The following is Jim Bradley’s address today (June 18) regarding “State of the Region”:
I want to thank each of you for logging in today to participate in this virtual State of the Region.
While I know meetings of this type have become common place over the last few months, I am personally looking forward to our next opportunity to gather as a community and make the connections that some of us used to take for granted.
I also want to thank the Greater Niagara Chamber of Commerce and all of today’s sponsors for making this event possible. I am grateful for the opportunity to share some thoughts on the state of our Region and how Niagara will emerge on the other side of one of the most challenging times that we have experienced as a community.
Finally, I want to thank Dr. Mustafa Hirji, the Region’s Acting Medical Officer of Health, and Ron Tripp, the Region’s Acting Chief Administrative Officer, for joining me as part of the discussion panel. I am looking forward to addressing the question from this chamber’s membership.
I want to begin my remarks today by addressing the impact COVID‐19 has had on our economy, our public health systems, and most importantly, our people.
Many businesses are struggling to keep the lights on as doors remain shut and revenues are down. And unfortunately, we all know of businesses who paid an even larger sacrifice to keep the community safe and will never reopen after the pandemic is over.
Based on the research conducted by Niagara Region Economic Development, it is projected that the pandemic will result in almost $16 billion in lost revenues by the end of December should conditions not improve. StatsCanada research suggests that more than 35,000 jobs were lost over the last three months, but given the census catchment area we can be confident that number is larger.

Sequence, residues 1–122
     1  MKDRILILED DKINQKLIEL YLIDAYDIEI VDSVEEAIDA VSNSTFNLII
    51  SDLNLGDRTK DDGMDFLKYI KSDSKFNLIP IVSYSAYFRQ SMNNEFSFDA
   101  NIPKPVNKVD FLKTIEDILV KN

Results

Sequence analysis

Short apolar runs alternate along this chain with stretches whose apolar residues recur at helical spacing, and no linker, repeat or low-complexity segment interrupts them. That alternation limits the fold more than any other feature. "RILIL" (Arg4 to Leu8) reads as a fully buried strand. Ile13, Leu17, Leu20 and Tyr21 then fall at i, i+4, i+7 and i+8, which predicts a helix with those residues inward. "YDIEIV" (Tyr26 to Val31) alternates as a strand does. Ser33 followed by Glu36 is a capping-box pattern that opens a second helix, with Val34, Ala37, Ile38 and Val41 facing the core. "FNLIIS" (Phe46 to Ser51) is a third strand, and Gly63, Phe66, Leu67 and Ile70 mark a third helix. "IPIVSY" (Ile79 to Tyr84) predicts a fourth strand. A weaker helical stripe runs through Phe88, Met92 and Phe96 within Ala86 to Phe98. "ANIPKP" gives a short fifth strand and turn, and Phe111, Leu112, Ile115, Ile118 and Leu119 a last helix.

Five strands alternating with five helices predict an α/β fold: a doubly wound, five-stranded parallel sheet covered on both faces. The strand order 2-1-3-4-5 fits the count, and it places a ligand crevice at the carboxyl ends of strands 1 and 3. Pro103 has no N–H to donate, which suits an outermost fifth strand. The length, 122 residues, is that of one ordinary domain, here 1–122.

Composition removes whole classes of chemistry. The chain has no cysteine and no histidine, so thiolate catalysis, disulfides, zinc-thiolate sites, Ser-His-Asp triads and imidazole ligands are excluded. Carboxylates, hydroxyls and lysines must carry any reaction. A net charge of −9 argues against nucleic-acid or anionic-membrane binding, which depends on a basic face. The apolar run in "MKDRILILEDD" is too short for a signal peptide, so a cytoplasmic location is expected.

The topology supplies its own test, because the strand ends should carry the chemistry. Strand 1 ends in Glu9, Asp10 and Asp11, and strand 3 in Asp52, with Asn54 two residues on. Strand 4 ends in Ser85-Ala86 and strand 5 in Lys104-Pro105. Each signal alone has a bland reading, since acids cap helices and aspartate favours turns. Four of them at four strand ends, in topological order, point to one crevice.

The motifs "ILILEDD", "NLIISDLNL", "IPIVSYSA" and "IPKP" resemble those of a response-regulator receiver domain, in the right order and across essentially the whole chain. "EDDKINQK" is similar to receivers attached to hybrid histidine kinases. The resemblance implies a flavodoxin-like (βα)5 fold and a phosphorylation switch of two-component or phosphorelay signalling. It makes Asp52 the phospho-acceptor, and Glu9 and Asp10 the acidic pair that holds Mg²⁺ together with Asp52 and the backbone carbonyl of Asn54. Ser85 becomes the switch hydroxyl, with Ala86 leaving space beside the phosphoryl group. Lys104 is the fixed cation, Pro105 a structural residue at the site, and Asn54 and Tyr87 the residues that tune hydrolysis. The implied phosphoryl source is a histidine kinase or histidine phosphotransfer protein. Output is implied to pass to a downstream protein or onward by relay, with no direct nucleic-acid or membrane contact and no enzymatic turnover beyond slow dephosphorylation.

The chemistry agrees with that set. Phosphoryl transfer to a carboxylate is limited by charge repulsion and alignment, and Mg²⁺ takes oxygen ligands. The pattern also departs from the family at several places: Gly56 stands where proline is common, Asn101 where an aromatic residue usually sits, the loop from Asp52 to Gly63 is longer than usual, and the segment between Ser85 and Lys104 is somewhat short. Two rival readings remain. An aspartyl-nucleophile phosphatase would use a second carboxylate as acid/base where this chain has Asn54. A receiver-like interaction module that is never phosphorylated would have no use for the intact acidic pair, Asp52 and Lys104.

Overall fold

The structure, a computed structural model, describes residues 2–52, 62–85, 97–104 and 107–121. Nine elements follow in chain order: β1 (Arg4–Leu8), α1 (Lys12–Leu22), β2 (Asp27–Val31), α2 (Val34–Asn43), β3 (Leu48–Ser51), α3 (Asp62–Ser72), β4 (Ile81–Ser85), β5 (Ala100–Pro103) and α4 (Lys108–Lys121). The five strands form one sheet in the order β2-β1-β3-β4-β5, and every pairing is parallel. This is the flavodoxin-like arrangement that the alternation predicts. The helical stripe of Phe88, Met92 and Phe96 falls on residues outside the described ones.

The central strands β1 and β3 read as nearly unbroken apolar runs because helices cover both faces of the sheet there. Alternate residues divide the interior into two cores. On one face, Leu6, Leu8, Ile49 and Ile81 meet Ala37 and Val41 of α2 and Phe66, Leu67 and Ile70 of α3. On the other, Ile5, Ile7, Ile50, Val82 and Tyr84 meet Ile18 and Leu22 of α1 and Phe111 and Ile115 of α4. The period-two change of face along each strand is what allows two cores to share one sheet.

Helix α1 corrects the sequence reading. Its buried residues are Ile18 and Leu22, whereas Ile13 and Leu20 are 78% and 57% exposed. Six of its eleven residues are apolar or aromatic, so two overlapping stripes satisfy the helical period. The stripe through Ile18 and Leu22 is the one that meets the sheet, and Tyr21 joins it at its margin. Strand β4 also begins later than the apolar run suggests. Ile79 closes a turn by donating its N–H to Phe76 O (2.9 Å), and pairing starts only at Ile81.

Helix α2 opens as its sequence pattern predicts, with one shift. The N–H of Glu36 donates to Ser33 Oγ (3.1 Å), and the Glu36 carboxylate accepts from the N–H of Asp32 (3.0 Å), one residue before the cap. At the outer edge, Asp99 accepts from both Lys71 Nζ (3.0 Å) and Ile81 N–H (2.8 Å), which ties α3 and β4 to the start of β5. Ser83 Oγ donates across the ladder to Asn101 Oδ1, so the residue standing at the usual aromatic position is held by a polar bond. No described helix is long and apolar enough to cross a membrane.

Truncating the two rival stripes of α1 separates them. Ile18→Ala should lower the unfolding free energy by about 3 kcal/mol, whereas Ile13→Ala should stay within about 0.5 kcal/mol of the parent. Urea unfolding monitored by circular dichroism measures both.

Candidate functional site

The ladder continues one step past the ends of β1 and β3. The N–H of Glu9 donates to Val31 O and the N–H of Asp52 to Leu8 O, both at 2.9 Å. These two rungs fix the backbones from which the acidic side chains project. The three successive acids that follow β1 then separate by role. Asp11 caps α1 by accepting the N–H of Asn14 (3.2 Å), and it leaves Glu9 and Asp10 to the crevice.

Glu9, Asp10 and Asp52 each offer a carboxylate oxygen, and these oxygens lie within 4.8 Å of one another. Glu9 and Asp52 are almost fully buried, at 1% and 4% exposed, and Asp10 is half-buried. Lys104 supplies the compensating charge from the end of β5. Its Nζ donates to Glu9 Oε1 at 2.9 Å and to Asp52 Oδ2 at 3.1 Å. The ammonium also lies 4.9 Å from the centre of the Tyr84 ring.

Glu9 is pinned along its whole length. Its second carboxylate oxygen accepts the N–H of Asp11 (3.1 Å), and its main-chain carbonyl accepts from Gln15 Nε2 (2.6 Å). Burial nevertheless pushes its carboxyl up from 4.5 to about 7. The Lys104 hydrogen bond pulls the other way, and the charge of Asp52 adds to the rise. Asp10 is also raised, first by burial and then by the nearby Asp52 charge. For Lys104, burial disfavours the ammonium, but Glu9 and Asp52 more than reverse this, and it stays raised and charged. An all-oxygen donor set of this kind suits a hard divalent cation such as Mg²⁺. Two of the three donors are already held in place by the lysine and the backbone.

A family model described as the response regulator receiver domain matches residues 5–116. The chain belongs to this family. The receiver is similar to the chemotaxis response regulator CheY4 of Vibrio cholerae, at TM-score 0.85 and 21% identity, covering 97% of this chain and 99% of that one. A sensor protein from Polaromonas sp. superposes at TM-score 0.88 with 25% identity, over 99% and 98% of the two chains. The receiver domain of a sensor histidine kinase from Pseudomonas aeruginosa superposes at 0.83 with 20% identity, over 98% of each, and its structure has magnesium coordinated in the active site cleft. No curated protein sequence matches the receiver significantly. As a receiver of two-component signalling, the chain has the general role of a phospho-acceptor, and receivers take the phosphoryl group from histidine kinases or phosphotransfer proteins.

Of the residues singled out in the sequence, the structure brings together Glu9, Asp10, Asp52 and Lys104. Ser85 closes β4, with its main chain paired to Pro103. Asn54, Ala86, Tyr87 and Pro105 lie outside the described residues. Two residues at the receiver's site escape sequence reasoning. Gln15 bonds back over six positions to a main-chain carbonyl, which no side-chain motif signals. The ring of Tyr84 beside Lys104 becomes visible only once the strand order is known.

Early projections are suggesting that Niagara’s GDP could shrink by as much as 40 per cent due to COVID‐19 if conditions do not start to improve immediately.
In a recently completed survey, one in three Niagara businesses reported they are at risk of permanent closure. The provincial announcement that Niagara can move to stage 2 starting tonight at midnight is a positive step forward and I am hopeful it will start to right the economic ship across the region.
Areas such as Hamilton, Peel, Halton, Durham and London are all fairing slightly better than Niagara when it comes to unemployment. It is fair to point to Niagara’s tourism sector as one of the driving factors for our challenges.
It is this tourism sector that make us unique and may continue to have unique challenges even as restrictions are lifted. The amount of infection south of the border makes it difficult to want to see our borders open in the near future.
For my part, I am more confident than ever in the innovation and creativity of our tourism sector in Niagara. Just recently, I participated in a call with representatives from the tourism sector who laid out their plans for a safe reopening. What impressed me most on this call was that the safety of our visitors was driving all of the decisions – they understood how important it is to get this right, and that Niagara can make only one first impression when we reopen.